Like Ms. Durocher, Bambi thinks that Greta is in danger but not from the global warming… she is in danger of tragic consequences of this adventure ☹.

So are maybe generations of youth around the world who are skipping schools and believing that they are saving the world (her disciples).

We have created a world-wide phenomenon of propaganda out of the good-intentioned, talented Greta that can backfire not only on her but also on all our youth.

Why are we doing this to our children? And why has the UN turned into a melodramatic platform?

Why can’t we talk about environmental issues with calm, using our rational brain (prefrontal cortex, for God’s sake) instead of our out-of-proportional emotion of fear (amygdala of our limbic system).

Where are the scientists? The real ones, not the kids?

Where are the world politicians, the balanced or wise ones; not the ones who have totally lost their mind or sold their soul to this scary totalitarian-like youth movement, which looks more like a blind religion than anything else. 

When Bambi was a younger teenager than Greta, she mailed out a letter to the Pope, out of their shelter, with one of her now deceased friend who escaped to Beirut from occupied South Lebanon. Together, they denounced the Israeli occupation and violence. They asked the Pope to pray for peace and to act to save the children of Lebanon.

They have never ever shamed adults (nor did any of her fellow child citizens who called for the end of the absurd civil war).

They truly saw adults behaving like children: fighting on the streets or killing innocent people (i.e., snipers) or kidnapping them or kidnapping innocent foreigners.

The kids and their parents had all the reasons of the world to believe that Beirut would not rise after 15 years of sustained total destruction. Yet, they kept their hope and perspective in life.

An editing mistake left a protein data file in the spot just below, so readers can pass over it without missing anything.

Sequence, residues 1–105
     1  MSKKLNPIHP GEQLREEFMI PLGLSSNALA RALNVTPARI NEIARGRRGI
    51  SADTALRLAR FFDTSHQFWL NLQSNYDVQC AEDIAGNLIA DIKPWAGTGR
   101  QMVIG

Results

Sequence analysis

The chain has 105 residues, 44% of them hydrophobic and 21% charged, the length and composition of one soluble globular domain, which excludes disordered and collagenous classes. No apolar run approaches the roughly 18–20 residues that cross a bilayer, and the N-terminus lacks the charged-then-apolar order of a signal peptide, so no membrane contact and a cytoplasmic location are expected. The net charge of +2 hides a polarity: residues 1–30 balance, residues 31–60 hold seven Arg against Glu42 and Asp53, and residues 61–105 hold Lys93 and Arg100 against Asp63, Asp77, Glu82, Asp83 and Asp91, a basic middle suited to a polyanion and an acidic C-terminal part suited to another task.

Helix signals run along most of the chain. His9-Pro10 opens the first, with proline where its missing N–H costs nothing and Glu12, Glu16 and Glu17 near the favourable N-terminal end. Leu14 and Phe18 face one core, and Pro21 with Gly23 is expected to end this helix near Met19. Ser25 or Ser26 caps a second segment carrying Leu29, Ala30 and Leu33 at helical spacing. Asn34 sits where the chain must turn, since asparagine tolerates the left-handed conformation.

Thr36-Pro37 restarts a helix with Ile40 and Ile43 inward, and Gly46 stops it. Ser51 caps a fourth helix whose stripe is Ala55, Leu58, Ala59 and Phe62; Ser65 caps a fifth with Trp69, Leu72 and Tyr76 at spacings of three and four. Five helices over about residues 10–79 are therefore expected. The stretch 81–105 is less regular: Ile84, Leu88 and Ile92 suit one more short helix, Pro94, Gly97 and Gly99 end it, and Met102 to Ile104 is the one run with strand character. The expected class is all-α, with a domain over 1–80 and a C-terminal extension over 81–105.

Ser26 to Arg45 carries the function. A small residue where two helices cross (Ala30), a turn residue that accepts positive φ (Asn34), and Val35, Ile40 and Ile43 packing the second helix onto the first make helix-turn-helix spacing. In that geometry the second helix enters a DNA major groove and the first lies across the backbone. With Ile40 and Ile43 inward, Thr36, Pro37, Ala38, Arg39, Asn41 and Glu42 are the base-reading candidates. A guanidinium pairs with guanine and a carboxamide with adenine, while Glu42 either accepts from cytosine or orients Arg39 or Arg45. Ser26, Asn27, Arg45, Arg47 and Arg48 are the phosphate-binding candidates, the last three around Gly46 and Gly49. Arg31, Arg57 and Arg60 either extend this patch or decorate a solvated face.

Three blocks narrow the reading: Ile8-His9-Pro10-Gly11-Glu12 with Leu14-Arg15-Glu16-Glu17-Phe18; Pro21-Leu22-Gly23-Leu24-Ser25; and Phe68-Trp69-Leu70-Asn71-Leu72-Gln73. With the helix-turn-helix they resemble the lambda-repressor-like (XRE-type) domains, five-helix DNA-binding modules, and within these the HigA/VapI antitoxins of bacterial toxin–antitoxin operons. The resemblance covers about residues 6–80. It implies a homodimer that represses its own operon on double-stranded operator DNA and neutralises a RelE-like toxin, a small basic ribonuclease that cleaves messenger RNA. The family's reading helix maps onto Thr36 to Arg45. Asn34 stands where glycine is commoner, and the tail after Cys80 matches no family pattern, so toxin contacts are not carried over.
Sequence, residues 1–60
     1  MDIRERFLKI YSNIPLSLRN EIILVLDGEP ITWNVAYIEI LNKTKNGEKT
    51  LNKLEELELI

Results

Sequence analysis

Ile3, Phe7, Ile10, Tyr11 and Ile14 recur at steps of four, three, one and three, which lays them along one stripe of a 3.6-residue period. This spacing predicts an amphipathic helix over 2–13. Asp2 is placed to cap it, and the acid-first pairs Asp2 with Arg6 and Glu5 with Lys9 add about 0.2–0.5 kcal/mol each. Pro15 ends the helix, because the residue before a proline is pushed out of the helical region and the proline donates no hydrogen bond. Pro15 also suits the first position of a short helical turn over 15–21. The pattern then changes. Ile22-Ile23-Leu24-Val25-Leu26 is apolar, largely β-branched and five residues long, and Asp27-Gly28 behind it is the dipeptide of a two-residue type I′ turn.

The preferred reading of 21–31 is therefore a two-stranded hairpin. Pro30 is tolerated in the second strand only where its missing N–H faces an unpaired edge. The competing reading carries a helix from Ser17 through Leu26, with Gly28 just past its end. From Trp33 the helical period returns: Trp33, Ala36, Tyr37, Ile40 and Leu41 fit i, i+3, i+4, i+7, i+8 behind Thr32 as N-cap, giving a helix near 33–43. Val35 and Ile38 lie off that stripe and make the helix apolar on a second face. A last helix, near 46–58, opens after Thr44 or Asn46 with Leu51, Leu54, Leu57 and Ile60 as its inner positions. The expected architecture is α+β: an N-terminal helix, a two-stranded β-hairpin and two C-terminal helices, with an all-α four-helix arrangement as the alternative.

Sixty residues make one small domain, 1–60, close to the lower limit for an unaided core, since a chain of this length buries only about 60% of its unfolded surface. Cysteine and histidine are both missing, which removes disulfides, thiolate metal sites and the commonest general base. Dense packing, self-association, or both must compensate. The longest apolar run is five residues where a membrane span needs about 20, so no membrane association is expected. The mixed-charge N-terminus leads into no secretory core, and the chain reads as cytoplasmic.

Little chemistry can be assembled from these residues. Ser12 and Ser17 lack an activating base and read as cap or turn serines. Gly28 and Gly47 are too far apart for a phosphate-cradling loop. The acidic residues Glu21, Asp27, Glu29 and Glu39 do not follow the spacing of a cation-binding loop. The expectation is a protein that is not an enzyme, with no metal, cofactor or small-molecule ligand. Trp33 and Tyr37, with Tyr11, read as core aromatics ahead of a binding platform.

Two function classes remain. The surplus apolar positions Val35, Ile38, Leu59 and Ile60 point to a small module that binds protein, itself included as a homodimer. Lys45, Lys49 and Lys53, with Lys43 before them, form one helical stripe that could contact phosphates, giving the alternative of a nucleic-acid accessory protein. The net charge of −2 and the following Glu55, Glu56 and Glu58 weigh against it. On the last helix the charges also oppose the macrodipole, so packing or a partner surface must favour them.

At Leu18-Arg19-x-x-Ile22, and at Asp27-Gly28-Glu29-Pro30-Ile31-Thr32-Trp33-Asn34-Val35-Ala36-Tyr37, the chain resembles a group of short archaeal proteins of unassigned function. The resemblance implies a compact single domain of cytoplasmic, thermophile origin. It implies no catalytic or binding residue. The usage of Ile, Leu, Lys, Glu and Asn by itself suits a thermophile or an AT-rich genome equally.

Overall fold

See for yourself if you do not believe Bambi that Beirut has been rebuilt (it has been destroyed and rebuilt 7 times through history, mind you):

Beirut 7 times destroyed and rebuilt…

Bambi’s point is that there is ALWAYS hope in-between what seems like black and white in a moment of despair or anxiety.

The planet has seen more extreme over millions of years and humanity is still here. Our earth is more resilient than we think. So are we.

To come back to Greta, Bambi wishes her well and wishes us adult wisdom.

Has your sense of humour been surgically removed or not yet? Test yourself with this Québec political cartoonist’s drawing of Greta & Mayor Valérie Plante

La caricature d’YGreck by Mr. Yannick LeMay (Journal de Montréal; September 20, 2019)

On September 27, 2019, Mayor Valérie Plante will welcome Greta at Montreal City Hall and give her the keys of the city.

Mr. Lemay is referring to the famous yet controversial “Vive le Québec libre” (= Long live free Québec) proclaimed by General Charles de Gaulle, President of France on July 24, 1967 (during a state visit to Expo 67) from the balcony of Montreal’s City Hall.

General Charles De Gaulle, President of France (Montreal City Hall balcony, June 24, 1967)

With all due respect to those who truly care for the environment, we cannot help not to smile at all the contradictions (driving OR even flying in/out to the demonstrations, overusing their cell phones, eating their air flown food, all this whilst lecturing us about the bad free market/capitalism and guilting the earlier generations).

This whole global climate strike movement is somehow reminding Bambi of a 2008 movie called “The Wave” or” La vague” (“Die Welle” in German) by Dennis Ganzel:

Over a week, a high-school teacher offers his students an educational experiment designed to help them understand how a totalitarian regime can start and how it operates. It turned the school into a police state, leading to tragic consequences…